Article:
By SignCraft Magazine
Posted on Wednesday, August 23rd, 2017
There’s something powerful about showing a customer the design you created for their vehicle on a photo of their vehicle. There’s no mystery about how the design will look on their truck—they see exactly how it will look. Brad Getter, Megagraphics, Rancho Cordova, California, uses this sales approach with great success on almost every vehicle graphics project. And he says it’s easy to do.
“I’ve found this technique to be a far more accurate way to get a starting layout than using vectorized vehicle templates,” Brad says. “And, your clients will be impressed by your proofs, with the layouts on their vehicle rather than on a stock image. It’s fast, too—it took less than 5 minutes in all to use it on this example.”
Brad designed a scaling target that he prints and applies to magnetic material. Then he applies the target to a relatively flat area on the vehicle and takes a photo. Back at the shop, he uses the target to precisely scale and position the graphics on the photo. The customer gets to see the photo of their vehicle with the new graphics on it.
“I carry these magnets in my car and have had my sales reps use them, too. I embed a legible copyright notice in the template so that the notice of my rights is in the original layout, unless I choose to block that later on.
“Once scaled,” Brad says, “you know the exact location of anything that might interfere with application and graphics. You also have the client’s vehicle in full size and color in your vector program. Body contours that are very curvy will affect these, but those are rare. You can position your graphics on the vehicle and use the image to sell the job.”
Brad explains how it works in the photos and captions that follow. Click here to download the PDF of the 10-by-10-in. scaling target that Brad designed for SignCraft readers. You can add your logo and a copyright notice to the target as you see fit.
Click the graphic on the left to download the printable target file at 10-by-10-in. then apply it to a sheet of magnetic material, or removable-adhesive vinyl.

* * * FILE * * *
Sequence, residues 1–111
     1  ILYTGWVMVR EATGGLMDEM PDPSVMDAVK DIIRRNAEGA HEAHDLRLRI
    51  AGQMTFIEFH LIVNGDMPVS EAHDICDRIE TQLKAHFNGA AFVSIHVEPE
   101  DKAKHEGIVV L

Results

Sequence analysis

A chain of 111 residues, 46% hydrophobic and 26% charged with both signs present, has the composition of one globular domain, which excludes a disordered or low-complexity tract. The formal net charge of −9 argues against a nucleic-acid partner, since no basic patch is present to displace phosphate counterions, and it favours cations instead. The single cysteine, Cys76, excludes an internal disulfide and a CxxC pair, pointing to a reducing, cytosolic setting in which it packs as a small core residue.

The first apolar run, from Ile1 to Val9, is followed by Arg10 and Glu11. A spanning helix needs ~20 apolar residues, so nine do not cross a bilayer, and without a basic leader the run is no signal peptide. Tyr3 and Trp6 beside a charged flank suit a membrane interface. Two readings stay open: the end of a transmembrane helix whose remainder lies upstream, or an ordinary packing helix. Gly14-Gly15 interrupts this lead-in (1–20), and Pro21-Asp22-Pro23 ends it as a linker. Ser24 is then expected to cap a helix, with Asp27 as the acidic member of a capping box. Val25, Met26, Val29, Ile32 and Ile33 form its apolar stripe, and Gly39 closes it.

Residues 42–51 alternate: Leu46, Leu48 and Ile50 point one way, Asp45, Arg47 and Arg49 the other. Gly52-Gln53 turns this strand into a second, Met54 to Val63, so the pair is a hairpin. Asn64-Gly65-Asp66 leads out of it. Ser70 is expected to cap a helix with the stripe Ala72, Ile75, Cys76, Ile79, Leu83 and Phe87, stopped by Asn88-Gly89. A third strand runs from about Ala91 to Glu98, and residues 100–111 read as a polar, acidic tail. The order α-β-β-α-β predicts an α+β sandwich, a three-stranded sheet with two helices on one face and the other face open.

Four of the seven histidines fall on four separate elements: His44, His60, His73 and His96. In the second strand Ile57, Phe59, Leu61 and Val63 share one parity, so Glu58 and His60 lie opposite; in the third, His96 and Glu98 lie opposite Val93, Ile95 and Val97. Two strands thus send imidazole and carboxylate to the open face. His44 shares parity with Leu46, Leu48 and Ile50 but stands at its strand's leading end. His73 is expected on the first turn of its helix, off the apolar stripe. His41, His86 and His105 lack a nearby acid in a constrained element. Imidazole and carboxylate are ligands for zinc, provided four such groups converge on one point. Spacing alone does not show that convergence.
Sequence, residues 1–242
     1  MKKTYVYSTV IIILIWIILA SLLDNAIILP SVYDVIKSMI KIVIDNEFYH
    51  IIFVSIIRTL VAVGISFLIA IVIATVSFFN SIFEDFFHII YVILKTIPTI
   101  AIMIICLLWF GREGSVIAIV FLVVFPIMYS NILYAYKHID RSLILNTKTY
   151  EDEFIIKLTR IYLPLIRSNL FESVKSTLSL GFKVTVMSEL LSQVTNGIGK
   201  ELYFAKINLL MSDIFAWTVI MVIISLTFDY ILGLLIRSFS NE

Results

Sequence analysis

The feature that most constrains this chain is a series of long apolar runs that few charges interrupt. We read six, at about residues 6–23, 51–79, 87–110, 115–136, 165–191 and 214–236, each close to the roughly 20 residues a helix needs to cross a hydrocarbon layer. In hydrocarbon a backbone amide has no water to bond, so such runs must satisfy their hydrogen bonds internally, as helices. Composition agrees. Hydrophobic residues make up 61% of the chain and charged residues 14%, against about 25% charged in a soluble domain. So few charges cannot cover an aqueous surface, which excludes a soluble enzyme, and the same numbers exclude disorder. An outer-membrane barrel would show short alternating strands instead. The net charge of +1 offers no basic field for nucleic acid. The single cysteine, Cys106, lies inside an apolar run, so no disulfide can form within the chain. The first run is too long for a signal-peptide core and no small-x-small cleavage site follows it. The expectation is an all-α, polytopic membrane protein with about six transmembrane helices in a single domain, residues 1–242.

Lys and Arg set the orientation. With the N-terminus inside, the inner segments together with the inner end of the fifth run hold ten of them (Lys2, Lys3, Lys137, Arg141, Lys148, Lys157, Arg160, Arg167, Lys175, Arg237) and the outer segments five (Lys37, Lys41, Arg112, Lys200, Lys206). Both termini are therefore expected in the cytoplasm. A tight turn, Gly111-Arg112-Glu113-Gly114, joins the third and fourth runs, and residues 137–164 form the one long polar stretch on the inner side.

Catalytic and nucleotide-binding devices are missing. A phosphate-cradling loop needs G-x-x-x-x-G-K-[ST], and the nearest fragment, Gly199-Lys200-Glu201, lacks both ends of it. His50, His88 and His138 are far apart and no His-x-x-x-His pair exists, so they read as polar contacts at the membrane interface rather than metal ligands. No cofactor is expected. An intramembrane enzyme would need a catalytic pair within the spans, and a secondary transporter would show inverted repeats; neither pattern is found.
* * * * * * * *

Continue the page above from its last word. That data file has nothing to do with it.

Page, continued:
Place the target on the vehicle body, taking care to align it to the center of the body area, and ideally near a vertical or horizontal line, such as a door seam. Step back about 20 feet and center the target in your camera’s viewfinder.
The marks on the target are designed to be easy to see both in the camera and on the screen. Ideally, enable the cross hairs or framing options of your camera to make alignment easier. Your goal is a straight-on shot that has the side of the vehicle in full view, with some background space surrounding it to avoid distortion.
Once you have the photo of the vehicle with the target on it, import the image into your design program. Over the image, draw a box from the exact upper left to the exact lower right corners of the target. If the target doesn’t align, rotate the image until it is as close to “true” in vertical and horizontal alignment as possible.
Now you can adjust the size. If the new box isn’t equal on all sides, you’ll need to adjust both vertical and horizontal sizes individually. Measure the box in the horizontal plane. Note the measurement of the width of the selection, which was 1.038 in this example. I’ve highlighted that in the photo above. Note the height as well. Divide the size of the original target, which was 10 inches, by this measurement. Do this for both the horizontal and vertical dimensions. Now scale the resulting adjustments to 100% by simply moving the decimal point two places to the right.
In our example, the width of our target is 1.038-in. in our design software. Divide 10 by 1.038 and you get 9.63391. Now move the decimal right to get 963.391. This is the percentage we must scale the horizontal dimension to get the actual size. Make a note of H963.391% for the horizontal scale percentage. Next, repeat this process with the vertical measurement and note the measurement as V969.932%. Adding an H and V to our notes help keep confusion at bay.
Select both the image and the box and scale both with those results. Verify the size change by checking the dimensions of the box. For design proofs, I clone the background color as a fill for the box if I want to “erase” the target.
You can easily use the same approach to scale a photo of the hood, roof or back of a vehicle. For the hood or roof, shoot the photo from a ladder so that you can get the plane of the camera plane as true as possible to the surface. For this hood, I used Photoshop’s distortion tools (Lens Correction, etc.) to correct the distortion of the target that came from shooting at an odd angle. As long as your target can be brought square, you can get reliable results.